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Hi, My name is Vickie and to tell you a little bit about myself, I was born and raised in Kentucky and the majority of my ancestors have been in Kentucky since the 1790’s. I have always loved history, a good mystery and puzzles and that is what Family History Research is all about. As a child we would take day trips on Saturdays and head down some dirt road looking for old cemeteries. A lot of the time we weren't looking for anyone in particular, we just like to read the epitaphs. We would have a picnic lunch packed and have lunch at whatever cemetery we were at. If the weather was bad my Dad and I would go to a court house and dig through old records in musty old basements looking for our ancestors. So as you can see I have had an interest in Family History for quite some time.View my complete profile

Tuesday, November 7, 2017

Growing Up on the River

I was born and raised in Western Kentucky in counties that border the Ohio River.  In Crittenden County where I was born across the river from Cave-in-Rock, Illinois and in Henderson County, across the river from Evansville, Indiana.  From the time, I was big enough to walk it was always, don’t go near the water, stay away from the river, etc. from my Momma.  We never lived real close to the river, but would go for picnics and such nearby.  My Mamaw had told me stories about the floods of 1937 when she was a young woman and how bad it had been then; whole towns were under water and lots of people lost their lives, homes and businesses.  All my grandparents, had at one time or another, told stories about someone they had known or stories they had heard about someone drowning in the river or the floods that hit hard, especially after early spring rains.  So, all us kids were always cautioned to be careful anytime we were near water and especially near the river.  The currents on the Ohio can take even a strong swimmer down quickly.

The floods of 1937 along the Ohio River took place in late January and February of 1937, when over 16 inches of rain fell in just a 3 to 4 day time period.  There was death and destruction stretching from Pittsburgh, Pennsylvania all the way to to Cairo, Illinois.  Over one million people were left homeless, with approximately 385 people dead and property losses reaching at least $500 million and that was in 1937.  I am not sure what the total monetary value would be in today’s standards.  70% of the city of Louisville, Kentucky was submerged, 35,000 people in Paducah, Kentucky were evacuated.  The flood stage in Evansville, Indiana is 35 feet but in 1937 it rose to 53.8 feet, the previous high flood stage in Evansville had been 48.4 feet in 1884.  The Ohio River floods of 1937 surpassed all other recorded floods for the previously recorded 175 years before that time.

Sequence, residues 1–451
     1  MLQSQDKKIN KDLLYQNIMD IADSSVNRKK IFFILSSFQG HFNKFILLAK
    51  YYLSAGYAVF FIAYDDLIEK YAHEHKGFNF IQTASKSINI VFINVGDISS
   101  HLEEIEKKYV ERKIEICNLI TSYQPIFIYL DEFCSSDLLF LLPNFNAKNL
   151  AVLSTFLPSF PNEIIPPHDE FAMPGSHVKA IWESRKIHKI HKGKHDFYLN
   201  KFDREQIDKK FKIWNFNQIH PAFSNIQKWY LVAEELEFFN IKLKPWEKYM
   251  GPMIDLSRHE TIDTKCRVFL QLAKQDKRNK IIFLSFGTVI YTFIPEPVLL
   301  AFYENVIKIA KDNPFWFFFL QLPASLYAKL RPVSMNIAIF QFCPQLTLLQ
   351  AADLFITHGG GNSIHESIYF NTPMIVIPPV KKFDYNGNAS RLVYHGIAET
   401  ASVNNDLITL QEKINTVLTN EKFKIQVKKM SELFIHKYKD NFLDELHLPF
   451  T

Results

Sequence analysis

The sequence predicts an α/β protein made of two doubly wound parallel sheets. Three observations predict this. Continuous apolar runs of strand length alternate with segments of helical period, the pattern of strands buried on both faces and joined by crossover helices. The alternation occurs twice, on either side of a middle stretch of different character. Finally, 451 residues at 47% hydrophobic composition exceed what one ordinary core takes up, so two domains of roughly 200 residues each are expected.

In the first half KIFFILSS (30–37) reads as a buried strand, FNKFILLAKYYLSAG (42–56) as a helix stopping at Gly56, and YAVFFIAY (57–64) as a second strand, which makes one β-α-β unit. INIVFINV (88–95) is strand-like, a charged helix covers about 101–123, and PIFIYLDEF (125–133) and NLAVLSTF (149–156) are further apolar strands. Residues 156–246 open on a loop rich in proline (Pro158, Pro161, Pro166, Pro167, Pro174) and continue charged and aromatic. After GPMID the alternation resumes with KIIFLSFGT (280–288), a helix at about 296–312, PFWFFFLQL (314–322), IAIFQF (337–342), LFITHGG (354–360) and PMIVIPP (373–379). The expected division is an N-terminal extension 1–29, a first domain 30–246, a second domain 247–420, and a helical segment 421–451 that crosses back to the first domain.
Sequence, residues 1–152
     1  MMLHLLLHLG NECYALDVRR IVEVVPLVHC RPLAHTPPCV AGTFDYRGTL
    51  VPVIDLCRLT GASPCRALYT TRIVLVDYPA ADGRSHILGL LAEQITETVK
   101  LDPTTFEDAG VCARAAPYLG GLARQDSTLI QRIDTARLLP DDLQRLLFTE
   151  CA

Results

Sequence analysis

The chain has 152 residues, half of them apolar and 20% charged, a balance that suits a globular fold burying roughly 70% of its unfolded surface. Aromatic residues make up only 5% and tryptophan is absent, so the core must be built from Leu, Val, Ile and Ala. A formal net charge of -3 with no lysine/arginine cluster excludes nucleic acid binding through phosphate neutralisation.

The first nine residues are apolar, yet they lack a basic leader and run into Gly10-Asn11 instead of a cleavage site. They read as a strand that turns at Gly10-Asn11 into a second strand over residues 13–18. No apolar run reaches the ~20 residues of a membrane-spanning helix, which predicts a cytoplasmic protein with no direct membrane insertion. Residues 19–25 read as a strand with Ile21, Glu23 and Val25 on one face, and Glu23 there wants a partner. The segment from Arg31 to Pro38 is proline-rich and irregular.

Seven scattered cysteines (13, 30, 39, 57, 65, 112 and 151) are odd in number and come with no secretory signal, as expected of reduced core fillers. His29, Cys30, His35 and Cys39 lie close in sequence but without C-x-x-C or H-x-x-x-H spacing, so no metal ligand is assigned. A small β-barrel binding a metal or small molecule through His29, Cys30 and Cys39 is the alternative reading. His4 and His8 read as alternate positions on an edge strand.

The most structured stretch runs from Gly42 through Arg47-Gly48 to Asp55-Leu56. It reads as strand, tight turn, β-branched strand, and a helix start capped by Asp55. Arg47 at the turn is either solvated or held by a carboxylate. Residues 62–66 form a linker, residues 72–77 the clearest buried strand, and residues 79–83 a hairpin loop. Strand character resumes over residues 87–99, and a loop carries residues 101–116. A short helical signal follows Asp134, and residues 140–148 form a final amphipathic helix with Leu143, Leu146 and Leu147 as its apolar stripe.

My great-grandmother, Amy, lost her first love, Lafe, and the father to her oldest child when he was tying up a boat during a storm at the Cave-in-Rock docks in 1913.  He had been knocked overboard and was caught up underneath the plying’s of the dock where they found him the next day.  I wrote about him and his untimely death for my blog back on March 26, 2017 if anyone wants to go back and read about that.  I have seen the ferry crossing closed between Marion, Kentucky and Cave-in-Rock when the river has been over flood stage and there is no way I would want to be on the river during that time anyway.  There is always lots of debris and logs floating during floods that could take out a small boat and even larger boats if they were to hit just right.

One of the people who has made the most comments about my blog posts is a distant cousin and we never had a chance to meet, even though we had been corresponding since 2012, but I feel like I really knew her.  She especially liked the story about Lafe and Amy and his drowning there at Cave-in-Rock, as that is where she had grown up as a child.  She had even known the McConnell family whose boat, Lafe had been on that fateful night.  After reading my story, she started telling me about different accidents that she remembered and some that had happened to her as well on the river.  I had told her that her stories would make a great short blog post and I ask if she could write them down for me to add to my blog.  She said that I could write about these and she would be honored to know that they were out there for others to read.  I was busy and didn’t get a chance to write the stories down at that time, but had saved her messages, so that when I got the chance I could do that.  I had posted a couple of more stories on my blog and realized I had not heard anything from Pat, on my last couple of post which was unusual for her.  So, I sent her a message in June and she said she had been busy, but I think she had been sick and just didn’t want to worry me.